Now if this expression, which signified the highest they knew to the people of the Old Testament is compared with what has been brought through Christ Jesus then a lightning-flash illumines the whole advance that has come about through Christian evolution. “Before Abraham was, was the ‘I-am.’” What does this mean? “Before Abraham was the ‘I-am.’” (That is the right rendering of the biblical passage.) It means: Go back through all generations, and you find something in yourself, in your own individuality which is even more eternal than what flows through all blood-related generations. Before the ancestors were, was the “I-am,” that Being which draws into every human being, of which each human soul can directly feel something in itself. Not “I and the Father Abraham,” not I and a temporal Father, but I and a spiritual Father, who has no part in anything perishable, we are one! I and the Father are one. The Father dwells in each separate individual, the Divine Principle lives in him, something which was, which is, and which is to be.
Men have actually only begun after 2,000 years to feel the force of this world-impulse; in future ages, however, they will realize the significance for mankind of this forward step in the remission and evolution of the earth. What the ancient initiates tried to reach could only be realized if one went beyond the individual human being and grasped the spirit of a whole people. If the normal man heard that he would say: That is a transient entity which begins with birth and ends with death. But if he were initiated in the secrets of the Mysteries, he saw as the Folk Spirit, as the actual Being who flows through the blood of the generations, that which was only dimly sensed by the others. He could see what can be reached only in the spiritual realm and not in external reality. He could see a divine Being who flows through the blood of the generations. To stand face to face in the spirit before this God could only take place in the Mysteries.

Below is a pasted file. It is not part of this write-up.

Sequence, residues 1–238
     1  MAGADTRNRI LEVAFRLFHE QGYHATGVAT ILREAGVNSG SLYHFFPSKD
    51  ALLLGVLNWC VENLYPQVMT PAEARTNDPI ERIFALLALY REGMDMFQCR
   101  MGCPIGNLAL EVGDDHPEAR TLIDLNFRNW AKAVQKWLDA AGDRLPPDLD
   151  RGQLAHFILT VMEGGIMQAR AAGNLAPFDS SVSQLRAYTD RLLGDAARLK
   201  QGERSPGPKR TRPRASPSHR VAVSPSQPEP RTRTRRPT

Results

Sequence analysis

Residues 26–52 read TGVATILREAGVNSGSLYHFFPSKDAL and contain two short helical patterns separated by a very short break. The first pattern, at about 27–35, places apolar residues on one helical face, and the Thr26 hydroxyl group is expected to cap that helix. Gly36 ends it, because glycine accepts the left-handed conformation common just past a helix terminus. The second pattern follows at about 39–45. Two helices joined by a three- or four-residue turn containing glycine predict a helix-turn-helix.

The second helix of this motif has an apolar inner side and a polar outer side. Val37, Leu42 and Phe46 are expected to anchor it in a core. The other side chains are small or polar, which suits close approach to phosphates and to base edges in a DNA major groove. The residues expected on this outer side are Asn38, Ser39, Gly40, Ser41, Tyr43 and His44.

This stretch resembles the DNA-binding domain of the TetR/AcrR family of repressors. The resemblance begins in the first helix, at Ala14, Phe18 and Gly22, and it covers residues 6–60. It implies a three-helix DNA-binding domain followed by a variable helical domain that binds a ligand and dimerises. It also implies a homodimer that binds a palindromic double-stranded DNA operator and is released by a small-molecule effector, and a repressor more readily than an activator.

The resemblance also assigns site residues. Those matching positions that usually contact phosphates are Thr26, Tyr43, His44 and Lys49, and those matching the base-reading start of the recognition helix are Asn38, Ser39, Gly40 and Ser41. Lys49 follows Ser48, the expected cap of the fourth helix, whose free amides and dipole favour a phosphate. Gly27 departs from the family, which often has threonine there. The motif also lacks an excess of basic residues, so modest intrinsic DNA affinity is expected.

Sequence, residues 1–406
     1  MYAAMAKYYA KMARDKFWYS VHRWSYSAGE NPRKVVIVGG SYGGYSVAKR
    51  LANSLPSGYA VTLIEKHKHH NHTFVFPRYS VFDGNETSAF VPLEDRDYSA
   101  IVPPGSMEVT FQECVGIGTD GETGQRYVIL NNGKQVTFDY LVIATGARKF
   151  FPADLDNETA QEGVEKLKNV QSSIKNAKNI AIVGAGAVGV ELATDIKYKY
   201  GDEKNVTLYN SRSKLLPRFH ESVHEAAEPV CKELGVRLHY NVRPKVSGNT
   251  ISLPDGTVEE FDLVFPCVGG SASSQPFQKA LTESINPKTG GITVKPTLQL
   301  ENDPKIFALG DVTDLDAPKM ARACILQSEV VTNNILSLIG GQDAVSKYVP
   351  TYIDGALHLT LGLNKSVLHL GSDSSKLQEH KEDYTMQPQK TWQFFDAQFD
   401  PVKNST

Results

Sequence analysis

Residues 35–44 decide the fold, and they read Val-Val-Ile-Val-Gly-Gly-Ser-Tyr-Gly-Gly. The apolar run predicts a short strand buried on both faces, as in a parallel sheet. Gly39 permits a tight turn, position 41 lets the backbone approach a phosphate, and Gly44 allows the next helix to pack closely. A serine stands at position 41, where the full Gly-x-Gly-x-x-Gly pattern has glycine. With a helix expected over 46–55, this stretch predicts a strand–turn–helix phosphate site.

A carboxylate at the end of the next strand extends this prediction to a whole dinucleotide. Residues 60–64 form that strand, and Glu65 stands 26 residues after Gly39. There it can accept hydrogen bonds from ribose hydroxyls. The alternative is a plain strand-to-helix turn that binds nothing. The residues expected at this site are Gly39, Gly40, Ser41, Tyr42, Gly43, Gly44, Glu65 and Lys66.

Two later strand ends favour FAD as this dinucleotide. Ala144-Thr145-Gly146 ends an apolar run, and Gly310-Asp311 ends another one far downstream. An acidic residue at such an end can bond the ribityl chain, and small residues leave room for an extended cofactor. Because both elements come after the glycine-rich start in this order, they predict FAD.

Those who were round Christ Jesus with full understanding as his intimate pupils were conscious that a Being of divine spiritual nature stood outwardly before them, clothed in the flesh as human personality. They were sensible of Christ Jesus as the first human being to bear a Spirit who otherwise was felt only by interrelated groups, and who could only be seen in the spiritual world by initiates. He was the Firstborn among men.
The more individualized a man becomes the more he can become a bearer of Love. Where the blood links men together they love because they are led to what they should love. When man is granted individuality, when he tends and nurtures the divine spark within him then the impulses of love, the waves of love, pass from man to man out of the free heart. And thus with this new impulse man has enriched the old bond of love that is bound to the blood-tie. Love passes over gradually into spiritual love which flows from soul to soul and which will ultimately encompass all humanity in a common bond of brother-love. But Christ Jesus is the Force, the living Force, once historically and externally present, through whom for the first time mankind has been brought to the bond of brother-love. Men will learn to understand this bond of brother-love as the perfected spiritualized Christianity.